If your company is BGP speaking and announcing public prefix’s to your ISP(s), then you should be securing your BGP peering’s, this is one of the defense in depth steps that should be taken to ensure that you’re public IP prefix’s are not hijacked and redirected to a malicious actor.
One example would be you owning and announcing the IP block 188.8.131.52/24, all your public/internet facing servers have an IP address allocated in this range which allows the general internet users to access your servers, most likely HTTP/S web servers. You are advertising 184.108.40.206/24 to your upstream ISP via a BGP peering, which then your ISP announces that prefix to the world. A malicious actor on the other side of the world configures their router and BGP ISP peering to start adverting 220.127.116.11/24 as maybe countries ISP’s aren’t as strict and allow for any prefix to be learnt from a customer. Within that hijackers region, the 18.104.22.168/24 traffic will routed to the malicious actor, as it’s a lower cost/metric within that region. General public traffic to 22.214.171.124/24 is now routed to the malicious actors’ servers allowing them to potentially compromise hosts.
There are several ways to migrate such an attack covered below
1. IRR and RPKI, IRR or Internet Routing Registry a mechanism for validating the contents of BGP announcement messages or mapping an origin AS number to a list of networks, though IRR is somewhat deprecated by RPKI which are Resource Public Key Infrastructure (RPKI) is a cryptographic method of signing records that associate a BGP route announcement(prefixes) with the correct originating AS number. This may sound complicated but RIR’s such as APNIC have a easy to enable on their portal. Link below gives details on how to enable RPKI.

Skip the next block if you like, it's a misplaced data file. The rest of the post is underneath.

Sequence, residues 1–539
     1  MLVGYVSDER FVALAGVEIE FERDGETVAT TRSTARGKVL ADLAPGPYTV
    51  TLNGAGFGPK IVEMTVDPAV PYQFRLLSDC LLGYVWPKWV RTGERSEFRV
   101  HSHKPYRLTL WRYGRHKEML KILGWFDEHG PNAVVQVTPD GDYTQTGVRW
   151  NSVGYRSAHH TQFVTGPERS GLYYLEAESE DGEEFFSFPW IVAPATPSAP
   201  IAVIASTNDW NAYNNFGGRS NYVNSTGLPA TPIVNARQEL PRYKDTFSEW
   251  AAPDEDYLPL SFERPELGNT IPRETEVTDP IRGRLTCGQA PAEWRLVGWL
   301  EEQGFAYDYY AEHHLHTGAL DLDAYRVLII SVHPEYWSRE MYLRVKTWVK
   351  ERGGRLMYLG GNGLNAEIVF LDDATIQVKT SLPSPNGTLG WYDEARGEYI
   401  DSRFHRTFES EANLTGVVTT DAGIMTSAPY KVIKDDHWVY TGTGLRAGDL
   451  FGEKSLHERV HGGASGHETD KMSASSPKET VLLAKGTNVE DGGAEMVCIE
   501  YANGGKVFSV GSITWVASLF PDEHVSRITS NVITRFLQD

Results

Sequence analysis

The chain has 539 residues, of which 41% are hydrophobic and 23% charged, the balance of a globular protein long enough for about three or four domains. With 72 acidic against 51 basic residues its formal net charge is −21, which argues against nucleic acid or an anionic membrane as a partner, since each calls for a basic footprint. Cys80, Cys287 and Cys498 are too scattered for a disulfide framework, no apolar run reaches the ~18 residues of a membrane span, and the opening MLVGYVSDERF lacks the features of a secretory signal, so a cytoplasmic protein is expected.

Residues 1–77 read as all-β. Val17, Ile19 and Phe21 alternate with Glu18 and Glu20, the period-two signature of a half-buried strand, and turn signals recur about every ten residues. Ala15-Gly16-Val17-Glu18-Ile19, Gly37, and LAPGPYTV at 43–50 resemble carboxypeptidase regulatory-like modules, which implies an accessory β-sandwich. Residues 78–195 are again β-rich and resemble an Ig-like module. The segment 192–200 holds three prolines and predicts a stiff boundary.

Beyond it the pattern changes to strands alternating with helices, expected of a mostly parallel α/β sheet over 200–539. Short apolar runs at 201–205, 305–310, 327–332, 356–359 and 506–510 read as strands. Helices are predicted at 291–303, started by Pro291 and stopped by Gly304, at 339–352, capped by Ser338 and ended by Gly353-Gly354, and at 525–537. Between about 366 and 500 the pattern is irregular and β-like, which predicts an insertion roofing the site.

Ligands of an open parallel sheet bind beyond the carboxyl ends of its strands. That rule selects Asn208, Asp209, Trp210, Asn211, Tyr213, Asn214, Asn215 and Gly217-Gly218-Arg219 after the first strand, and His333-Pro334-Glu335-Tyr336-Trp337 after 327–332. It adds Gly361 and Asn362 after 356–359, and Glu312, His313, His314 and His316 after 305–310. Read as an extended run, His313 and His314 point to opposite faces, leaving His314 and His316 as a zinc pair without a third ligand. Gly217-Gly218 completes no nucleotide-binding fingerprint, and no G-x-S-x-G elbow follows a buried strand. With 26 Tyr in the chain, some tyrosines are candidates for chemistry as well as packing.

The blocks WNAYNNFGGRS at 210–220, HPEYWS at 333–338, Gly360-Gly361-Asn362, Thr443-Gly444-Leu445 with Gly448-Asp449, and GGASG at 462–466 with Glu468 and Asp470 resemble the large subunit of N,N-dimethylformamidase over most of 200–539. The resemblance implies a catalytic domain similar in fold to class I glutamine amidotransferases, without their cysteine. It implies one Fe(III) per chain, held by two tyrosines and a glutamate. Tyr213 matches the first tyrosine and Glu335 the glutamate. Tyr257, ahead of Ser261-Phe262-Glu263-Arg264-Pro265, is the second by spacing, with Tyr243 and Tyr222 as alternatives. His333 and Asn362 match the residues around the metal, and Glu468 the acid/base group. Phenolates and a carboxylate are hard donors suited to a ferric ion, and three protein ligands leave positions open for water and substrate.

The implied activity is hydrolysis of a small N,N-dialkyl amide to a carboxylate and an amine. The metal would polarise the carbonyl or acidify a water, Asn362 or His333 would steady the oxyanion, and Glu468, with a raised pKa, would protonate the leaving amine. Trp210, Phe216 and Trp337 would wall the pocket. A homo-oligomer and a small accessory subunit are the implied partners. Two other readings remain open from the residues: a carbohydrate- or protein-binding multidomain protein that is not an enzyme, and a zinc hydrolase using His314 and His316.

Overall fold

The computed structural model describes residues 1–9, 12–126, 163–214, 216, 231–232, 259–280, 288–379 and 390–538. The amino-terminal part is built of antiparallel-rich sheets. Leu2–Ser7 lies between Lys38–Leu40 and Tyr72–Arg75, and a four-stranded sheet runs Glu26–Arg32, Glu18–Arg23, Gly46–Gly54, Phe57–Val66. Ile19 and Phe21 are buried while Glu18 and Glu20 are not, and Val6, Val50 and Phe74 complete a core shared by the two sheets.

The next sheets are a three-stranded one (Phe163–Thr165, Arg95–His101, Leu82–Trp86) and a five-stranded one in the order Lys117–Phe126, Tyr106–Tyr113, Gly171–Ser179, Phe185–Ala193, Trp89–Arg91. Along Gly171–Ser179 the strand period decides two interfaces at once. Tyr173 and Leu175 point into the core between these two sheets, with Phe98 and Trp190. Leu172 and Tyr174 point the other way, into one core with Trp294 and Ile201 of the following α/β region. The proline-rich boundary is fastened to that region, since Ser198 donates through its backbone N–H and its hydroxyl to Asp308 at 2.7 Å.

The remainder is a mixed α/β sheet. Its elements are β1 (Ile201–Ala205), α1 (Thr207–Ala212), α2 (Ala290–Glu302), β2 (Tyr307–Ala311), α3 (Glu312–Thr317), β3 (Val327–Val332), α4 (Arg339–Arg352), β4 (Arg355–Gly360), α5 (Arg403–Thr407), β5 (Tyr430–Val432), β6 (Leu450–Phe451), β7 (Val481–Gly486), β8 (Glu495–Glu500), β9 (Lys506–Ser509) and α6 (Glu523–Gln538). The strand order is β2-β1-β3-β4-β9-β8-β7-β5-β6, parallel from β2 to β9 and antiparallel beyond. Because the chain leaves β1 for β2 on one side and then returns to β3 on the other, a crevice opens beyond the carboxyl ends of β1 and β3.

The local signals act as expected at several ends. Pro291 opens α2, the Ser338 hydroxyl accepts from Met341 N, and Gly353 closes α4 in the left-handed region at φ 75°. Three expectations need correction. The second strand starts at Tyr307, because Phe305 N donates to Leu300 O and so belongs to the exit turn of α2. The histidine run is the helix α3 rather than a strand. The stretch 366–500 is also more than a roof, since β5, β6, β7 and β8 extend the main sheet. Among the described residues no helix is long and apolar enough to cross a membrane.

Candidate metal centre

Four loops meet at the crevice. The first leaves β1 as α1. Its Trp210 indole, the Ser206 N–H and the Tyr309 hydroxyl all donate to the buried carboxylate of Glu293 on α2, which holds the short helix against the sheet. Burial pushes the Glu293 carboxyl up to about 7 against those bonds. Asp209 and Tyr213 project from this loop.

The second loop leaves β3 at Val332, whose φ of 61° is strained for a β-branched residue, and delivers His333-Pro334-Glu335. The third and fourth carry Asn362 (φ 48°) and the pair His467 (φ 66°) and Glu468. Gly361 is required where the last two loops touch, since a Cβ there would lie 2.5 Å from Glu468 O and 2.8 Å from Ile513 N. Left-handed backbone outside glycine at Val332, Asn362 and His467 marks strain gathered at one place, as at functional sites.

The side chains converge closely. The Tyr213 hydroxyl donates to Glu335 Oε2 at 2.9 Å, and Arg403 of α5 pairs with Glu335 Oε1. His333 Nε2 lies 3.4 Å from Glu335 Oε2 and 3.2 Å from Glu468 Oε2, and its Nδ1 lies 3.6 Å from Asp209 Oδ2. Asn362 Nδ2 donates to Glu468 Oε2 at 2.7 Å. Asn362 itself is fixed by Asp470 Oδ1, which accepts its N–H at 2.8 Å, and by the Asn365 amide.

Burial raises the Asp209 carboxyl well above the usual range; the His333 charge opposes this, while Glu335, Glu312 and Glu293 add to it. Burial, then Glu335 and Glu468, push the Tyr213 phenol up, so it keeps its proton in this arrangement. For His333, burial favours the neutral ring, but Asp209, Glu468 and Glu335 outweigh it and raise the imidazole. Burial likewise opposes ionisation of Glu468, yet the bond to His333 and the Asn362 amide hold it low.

2. Best practice is to enable Infrastructure ACLs on your internet facing connection to your ISP and only permitting a BGP peering to your upstream ISP IP. This will potently stop any malicious BGP peering attempts or any BGP security vulnerabilities attacks. Cisco site below has examples on this topic.
3. Another BGP security feature is to use BGP MD5 Passwords/Authentication, like Infrastructure ACLs, this would stop a malicious peering attempt on your BGP routers.
Sometimes setting up BGP is hard and securing BGP is often forgotten or put in the "too hard basket" but most of the topics above are relative easy to configure and will only strengthen your cyber security posture. The NSA has a document covering more BGP security topics which should help you secure your network.